Greetings to readers in 2021, the Year of the Ox. Starting off, weekly business magazine Shukan Diamond (Jan. 9) chose to mark the year’s first regular issue with a 44-page special report on the Buddhist lay group Soka Gakkai, which in 2020 observed the 90th anniversary of its founding.

It was in 1930 that educator Tsunesaburo Makiguchi, together with Josei Toda, founded the “value-creating study society” based on the tenets of the Nichiren Shoshu Buddhist sect. Makiguchi, jailed for his pacifist beliefs, died in prison in 1944. He was succeeded by Toda, who reorganized it after the Pacific War. Under its third president, Daisaku Ikeda, the membership expanded rapidly.

The word “militant,” once used to describe the organization’s aggressive proselytizing tactics, is seldom invoked these days, but Soka Gakkai’s economic, social and political influence is undeniable. With a claimed membership of more than 12 million, it operates Soka University and two primary through high schools in Tokyo and Kansai. Its newspaper, the Seikyo Shimbun, claims a daily circulation of 5.5 million.

Komeito, its affiliated political party, has for some two decades united with the Liberal Democratic Party in the ruling government coalition.

At the start of its 10th decade, however, Diamond sees the organization facing “structural decline,” with its membership, aging and dying out, not being replaced by young blood. The report identifies nine serious crises, beginning with lack of a successor to its leadership, and withdrawal of members dissatisfied with Soka Gakkai and the Komeito Party.

Outside Japan, Soka Gakkai International (SGI) has attracted some 445,000 new adherents between 2015 and 2020, with most of the increases in Europe, Asia, Oceania, Africa and South America.

Masaru Sato, a former diplomat who is in the process of serializing a 600-page study on Daisaku Ikeda in Aera magazine, believes the organization has its eyes on China, where Soka Gakkai has already established centers for study of Ikeda’s thought at several universities. Because of Soka Gakkai’s ties to Japan’s ruling coalition, Sato believes China may favor a religion that won’t conflict with its Communist system.

“If China were to open its doors to foreign religions, the number of Gakkai members would increase in an instant,” he told Diamond.

Teen hero

Help! A lovely young damsel in distress is pinned to the ground by a heavy fallen log. But never fear, Senku Ishigami is near! This remarkably astute 16-year-old realizes that he can assemble compound pulleys and lift the log, freeing her without further trauma.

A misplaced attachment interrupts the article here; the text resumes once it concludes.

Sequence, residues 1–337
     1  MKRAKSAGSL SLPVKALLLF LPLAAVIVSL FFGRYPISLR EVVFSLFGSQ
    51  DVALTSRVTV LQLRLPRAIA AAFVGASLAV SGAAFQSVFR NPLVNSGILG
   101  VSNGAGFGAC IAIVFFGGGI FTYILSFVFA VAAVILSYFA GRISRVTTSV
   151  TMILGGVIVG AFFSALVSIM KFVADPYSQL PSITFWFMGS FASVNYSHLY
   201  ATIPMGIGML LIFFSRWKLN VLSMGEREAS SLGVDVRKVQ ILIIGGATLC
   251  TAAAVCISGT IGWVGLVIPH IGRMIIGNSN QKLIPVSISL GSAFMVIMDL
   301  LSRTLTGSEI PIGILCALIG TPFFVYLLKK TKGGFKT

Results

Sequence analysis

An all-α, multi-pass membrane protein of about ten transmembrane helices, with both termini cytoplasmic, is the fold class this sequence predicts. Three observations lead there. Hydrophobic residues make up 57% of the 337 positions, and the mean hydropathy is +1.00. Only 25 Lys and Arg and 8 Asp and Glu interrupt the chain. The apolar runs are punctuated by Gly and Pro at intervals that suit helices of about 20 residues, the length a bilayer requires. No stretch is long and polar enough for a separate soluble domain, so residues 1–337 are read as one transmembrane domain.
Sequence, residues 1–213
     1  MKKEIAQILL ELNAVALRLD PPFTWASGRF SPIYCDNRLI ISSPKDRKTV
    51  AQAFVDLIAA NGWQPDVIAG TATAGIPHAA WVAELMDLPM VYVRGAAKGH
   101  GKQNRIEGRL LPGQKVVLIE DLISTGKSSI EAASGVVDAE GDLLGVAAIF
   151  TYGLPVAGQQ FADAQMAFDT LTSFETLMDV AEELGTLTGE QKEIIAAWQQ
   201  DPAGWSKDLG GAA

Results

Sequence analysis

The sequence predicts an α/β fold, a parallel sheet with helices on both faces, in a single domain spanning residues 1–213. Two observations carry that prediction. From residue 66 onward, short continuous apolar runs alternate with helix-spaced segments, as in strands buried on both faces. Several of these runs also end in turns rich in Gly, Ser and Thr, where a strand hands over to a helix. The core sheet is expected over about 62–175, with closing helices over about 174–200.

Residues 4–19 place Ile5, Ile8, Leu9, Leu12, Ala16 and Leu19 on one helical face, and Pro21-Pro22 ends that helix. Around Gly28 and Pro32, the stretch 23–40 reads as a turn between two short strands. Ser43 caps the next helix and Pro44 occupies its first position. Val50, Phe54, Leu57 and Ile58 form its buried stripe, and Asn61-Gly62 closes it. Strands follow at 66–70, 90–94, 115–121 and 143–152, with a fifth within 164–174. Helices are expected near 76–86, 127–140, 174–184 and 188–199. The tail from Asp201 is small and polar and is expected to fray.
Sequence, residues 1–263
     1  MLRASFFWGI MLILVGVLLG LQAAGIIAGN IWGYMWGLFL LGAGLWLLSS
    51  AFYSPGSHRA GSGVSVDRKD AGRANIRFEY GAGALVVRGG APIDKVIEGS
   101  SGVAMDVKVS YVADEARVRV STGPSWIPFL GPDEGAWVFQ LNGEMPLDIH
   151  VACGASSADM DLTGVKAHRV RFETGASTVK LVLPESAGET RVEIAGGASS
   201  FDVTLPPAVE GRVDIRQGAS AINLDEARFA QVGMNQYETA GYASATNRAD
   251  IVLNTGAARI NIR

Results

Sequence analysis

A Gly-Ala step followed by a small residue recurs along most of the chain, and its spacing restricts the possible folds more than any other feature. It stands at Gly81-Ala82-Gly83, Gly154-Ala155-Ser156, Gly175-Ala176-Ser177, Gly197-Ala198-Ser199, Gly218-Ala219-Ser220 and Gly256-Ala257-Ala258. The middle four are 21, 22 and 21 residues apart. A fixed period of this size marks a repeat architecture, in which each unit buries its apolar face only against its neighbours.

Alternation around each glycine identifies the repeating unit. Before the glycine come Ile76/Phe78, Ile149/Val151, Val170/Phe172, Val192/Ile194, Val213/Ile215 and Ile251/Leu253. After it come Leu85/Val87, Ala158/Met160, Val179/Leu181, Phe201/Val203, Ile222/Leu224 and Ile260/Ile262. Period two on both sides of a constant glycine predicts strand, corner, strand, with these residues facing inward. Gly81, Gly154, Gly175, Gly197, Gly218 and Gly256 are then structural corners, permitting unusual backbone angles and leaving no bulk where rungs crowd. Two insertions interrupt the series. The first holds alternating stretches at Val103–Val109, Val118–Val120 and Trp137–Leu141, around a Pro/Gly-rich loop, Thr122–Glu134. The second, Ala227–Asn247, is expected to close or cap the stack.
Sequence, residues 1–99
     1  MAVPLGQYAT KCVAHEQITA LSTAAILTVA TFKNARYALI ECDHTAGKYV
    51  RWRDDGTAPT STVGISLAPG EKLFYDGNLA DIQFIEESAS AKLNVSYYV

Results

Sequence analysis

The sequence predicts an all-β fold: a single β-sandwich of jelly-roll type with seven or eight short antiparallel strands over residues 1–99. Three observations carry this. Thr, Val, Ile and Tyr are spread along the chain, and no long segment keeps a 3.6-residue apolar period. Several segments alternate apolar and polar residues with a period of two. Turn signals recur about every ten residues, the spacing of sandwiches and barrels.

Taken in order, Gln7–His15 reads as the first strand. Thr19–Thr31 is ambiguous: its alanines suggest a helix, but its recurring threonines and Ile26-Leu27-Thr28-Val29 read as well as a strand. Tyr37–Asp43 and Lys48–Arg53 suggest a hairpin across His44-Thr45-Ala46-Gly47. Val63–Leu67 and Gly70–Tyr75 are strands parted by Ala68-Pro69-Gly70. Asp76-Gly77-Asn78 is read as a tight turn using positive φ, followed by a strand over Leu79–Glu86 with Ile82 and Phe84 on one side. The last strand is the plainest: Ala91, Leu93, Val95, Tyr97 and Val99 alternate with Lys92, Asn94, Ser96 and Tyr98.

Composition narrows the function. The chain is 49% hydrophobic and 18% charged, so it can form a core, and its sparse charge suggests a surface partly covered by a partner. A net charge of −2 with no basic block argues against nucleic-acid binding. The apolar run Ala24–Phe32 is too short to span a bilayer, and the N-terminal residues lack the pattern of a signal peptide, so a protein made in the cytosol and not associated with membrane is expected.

Protagonist Ishigami briefly digresses to provide an explanation crediting Archimedes, a third-century B.C. Greek scientist, with inventing the device.

“Dr. Stone,” described as a kagaku manga (science comic), made its debut in Shueisha’s weekly Shonen Jump magazine in 2017. Compiled into 19 separate books, it has already sold a total of 8 million copies.

Sales this past year may have been boosted by large numbers of youngsters being forced to stay home from school due to the coronavirus pandemic.

The January issue of Nikkei Trendy introduces “Dr. Stone” and its creator, Riichiro Inagaki.

“The most important thing, as the major premise of any comic, is that it be interesting,” Inagaki tells the magazine. “I don’t think the focus on science per se has any connection with sales. It’s designed in a way that people who just skim it can enjoy it, and those who read it more closely will appreciate it too.

“I think it’s important that maybe 20% or 30% of readers are pulled in for the science, and the remaining 70% just enjoy it for the interesting story.

“I’m grateful when some people say ‘Dr. Stone’ is educational for kids, but I position it not so much as an educational comic, but entertainment,” the 44-year-old Inagaki says. “For the most part, I want children who read it to feel a sense of excitement.”

Liquid gold?

Shukan Jitsuwa (Jan. 7-14) examines how Japan’s three major coffee chains have been faring during the coronavirus pandemic.

The big three are Starbucks (with 1,601 outlets as of last September), Doutor (1,088 outlets as of last November) and Komeda (873 outlets as of last August).

According to a survey by the Japan Food Services Association, overall turnover by coffee shops in 2019 reached ¥1.178 trillion — an increase of approximately 17% from a decade earlier. This growth has considerably exceeded that of the food and beverage industry as a whole, which over the same period was around 10%.

Starbucks, since its 1996 entry into Japan, now operates outlets in all 47 of Japan’s prefectures.

“Its fancy logo mark, refined cup design and innovative products like Frappuccino or drinks made with matcha help project a coffee culture that hadn’t existed before, and many Japanese were enamored by this,” an industry analyst tells the magazine.

The company is not publicly listed, so its business performance is not announced, but the analyst believes that Starbucks remains on target to increase outlets to 1,700 by the end of 2021.

Doutor (opened in Tokyo in 1980) has adopted a strategy of opening outlets in entertainment and office areas. The company has clearly been negatively affected by more people working from home. Quarterly reports showed sharp declines, finishing with a ¥1.3 billion deficit in the June-August fiscal period.

Komeda, whose forerunner was established in Nagoya in 1968, has situated many of its outlets in residential areas, where it is better positioned to cater to the work-from-home customer base. A business analyst tells the magazine it has made a gradual recovery from last summer.

One factor benefiting Komeda’s bottom line is the introduction of a new type of sandwich, consisting of a generous portion of Korean-style kalbi (beef short ribs) in a hamburger bun, which has reportedly been enjoying strong sales.

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